Debating Water World—or, Why People Love A Good Worst-Case Scenario

Of all the collapse scenarios I’ve heard or read about, I’m guessing that 99% of them assume a desert world, where the soil has been monsantoed, the rivers and rain are toxic, and the ground is both fragile and radioactive. I too assume a level of desertification (hence the blog title—although, I’m really alluding to deserts of the mind and of culture, as well as deserts of the material earth), but on a planet whose surface is mostly covered by water (liquid or solid), it’s probably a huge mistake not to think about watery options.

Ray Jason, The Sea Gypsy Philosopher, is doing just that over at Nature Bats Last. I know what you might be thinking: I’ve already seen this movie; isn’t Kevin Costner in it? But this kind of water-world hypothetical is worth pondering not so much for what it has to offer to an actual strategy (i.e. how to construct floating “towns” out in the ocean), but instead for what it has to offer to the critical realization that our planet is both finite and extremely precarious. We already kind of live in towns tethered together, floating in a desolate ocean, don’t we?

Jason writes:

There are thousands of people out wandering the world’s waters in extremely self-sufficient, ocean-capable sailboats.  These vessels are the ideal survival pod should a societal meltdown occur.  They elegantly combine simplicity and appropriate technology.  Their electricity is supplied through solar panels and wind generators.  Propulsion derives mostly from the wind, but the diesel engine can be used in an emergency.  Water comes from catching rain or from reverse-osmosis water-makers.  Many months of non-perishable foods can be easily stored onboard.  And “security devices” can be hidden for use, if necessary.

While I think this kind of thinking falls into the same trap as the similar, land-locked technotopian visions do—that is, A. solar panels (and boats, for that matter) require an oil infrastructure to manufacture and an academic/technical elite to operate and maintain, and B. confinement, although initially appealing, doesn’t offer much of anything that humans need in the long-run: diversity of food, space to walk or run, shelter from ever intensifying storms, toxic groundwater, earthquakes, etc.—these kinds of scenarios can generate some thinking about hard-to-face realities. For instance, there will be much less people on earth in the future, one way or another.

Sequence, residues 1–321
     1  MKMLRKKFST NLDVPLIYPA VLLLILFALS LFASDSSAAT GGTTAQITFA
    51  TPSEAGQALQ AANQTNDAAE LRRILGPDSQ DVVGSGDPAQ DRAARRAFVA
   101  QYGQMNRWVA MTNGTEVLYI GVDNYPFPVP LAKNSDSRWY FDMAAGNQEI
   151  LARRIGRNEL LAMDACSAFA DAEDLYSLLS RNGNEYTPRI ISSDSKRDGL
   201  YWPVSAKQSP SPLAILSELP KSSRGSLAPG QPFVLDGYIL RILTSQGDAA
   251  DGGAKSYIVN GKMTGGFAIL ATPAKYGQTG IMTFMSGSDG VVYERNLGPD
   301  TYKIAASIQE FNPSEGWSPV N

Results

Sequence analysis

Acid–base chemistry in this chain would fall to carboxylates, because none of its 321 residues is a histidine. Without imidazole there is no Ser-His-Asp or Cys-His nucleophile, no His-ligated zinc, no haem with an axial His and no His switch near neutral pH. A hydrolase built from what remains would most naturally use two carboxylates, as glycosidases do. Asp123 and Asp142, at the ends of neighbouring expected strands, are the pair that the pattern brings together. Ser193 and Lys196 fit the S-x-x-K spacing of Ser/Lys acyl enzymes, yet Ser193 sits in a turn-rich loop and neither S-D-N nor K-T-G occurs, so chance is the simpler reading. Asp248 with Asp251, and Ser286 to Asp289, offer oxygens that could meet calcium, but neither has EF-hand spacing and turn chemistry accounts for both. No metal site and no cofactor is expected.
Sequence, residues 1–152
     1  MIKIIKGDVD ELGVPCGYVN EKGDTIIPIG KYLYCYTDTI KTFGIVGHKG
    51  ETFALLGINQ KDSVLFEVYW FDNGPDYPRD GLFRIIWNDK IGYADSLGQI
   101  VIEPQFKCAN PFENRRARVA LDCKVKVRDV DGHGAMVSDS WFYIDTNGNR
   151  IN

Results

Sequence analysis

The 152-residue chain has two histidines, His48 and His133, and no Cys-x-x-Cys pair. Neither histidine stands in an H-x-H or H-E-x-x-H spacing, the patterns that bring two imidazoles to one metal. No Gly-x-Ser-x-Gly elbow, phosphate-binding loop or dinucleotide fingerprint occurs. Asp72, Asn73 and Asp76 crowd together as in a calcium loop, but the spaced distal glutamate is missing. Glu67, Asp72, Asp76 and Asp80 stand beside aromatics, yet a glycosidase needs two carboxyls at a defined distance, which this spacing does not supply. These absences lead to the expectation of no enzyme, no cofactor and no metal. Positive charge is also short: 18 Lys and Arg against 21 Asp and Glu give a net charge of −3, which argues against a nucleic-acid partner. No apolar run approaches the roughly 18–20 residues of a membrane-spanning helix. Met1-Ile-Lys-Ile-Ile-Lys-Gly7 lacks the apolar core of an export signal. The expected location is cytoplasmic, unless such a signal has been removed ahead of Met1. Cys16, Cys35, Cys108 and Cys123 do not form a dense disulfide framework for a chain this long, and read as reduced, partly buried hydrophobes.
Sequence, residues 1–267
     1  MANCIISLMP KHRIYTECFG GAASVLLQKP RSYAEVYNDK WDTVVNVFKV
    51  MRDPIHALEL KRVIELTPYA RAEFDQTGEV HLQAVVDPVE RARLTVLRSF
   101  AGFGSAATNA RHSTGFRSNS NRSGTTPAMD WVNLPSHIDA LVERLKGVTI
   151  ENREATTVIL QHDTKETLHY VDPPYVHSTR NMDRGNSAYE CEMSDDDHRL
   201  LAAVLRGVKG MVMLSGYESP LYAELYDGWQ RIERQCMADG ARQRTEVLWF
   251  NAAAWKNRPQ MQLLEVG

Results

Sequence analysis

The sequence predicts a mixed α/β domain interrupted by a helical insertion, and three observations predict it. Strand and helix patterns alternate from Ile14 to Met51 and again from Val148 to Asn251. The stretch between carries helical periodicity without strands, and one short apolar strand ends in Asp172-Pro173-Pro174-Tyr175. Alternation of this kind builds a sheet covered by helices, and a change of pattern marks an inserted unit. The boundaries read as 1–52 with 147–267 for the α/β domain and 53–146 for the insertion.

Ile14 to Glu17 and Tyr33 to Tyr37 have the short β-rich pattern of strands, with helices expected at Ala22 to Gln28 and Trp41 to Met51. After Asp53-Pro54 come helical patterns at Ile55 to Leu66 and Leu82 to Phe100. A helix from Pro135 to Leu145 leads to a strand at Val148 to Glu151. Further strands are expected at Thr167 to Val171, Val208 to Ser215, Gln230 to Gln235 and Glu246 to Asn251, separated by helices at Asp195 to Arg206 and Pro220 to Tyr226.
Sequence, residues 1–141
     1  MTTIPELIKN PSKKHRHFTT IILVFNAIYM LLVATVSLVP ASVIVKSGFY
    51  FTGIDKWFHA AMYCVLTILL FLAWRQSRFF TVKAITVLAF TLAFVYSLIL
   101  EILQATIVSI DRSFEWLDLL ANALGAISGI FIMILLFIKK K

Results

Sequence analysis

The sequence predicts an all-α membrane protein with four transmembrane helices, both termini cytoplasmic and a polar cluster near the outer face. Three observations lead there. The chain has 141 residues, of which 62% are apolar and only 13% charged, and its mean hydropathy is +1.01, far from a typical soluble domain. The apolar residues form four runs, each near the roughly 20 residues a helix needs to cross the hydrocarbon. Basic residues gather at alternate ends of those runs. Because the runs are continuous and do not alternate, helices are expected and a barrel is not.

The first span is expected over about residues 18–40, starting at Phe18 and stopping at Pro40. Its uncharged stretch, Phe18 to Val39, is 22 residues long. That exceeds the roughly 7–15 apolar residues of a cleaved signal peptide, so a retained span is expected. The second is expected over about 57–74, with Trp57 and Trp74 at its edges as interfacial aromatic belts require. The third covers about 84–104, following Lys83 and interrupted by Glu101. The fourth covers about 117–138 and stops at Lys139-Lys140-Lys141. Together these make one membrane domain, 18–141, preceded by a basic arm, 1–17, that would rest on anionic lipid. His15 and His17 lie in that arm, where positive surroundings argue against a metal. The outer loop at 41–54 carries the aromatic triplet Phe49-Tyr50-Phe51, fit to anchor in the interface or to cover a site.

I’ve been trying to determine why communities of “doomers” or “preppers” or (my favorite) “collapsatarians” love—love—to sit around, either around a campfire or at a computer, and discuss last-resort scenarios. I myself have wandered into these discussions many times (it’s safer in the long-run to stay in city centers near rivers or coasts, I contend), but they’re mostly silly. And yet, there are whole shows about building underground bunkers, there are guns that are intentionally marketed to preppers, and there are of course countless movies about life in the end-times. In short, people love to talk about hypothetical worst-case scenarios. Maybe it’s because discussing the strategies for each possible scenario is easier and way more fun than discussing the situation we’re currently in—how bad, dangerous, or boring it is, and how it’s just getting worse—and, more importantly, discussing ways we can prevent or ameliorate the crash.

“Will the crash be fast or gradual?” is a question I’ve seen discussed on forums for ages. Considering the fact that we’re in the crash already (200 species went extinct today, lest we forget), could this question simply be a distraction?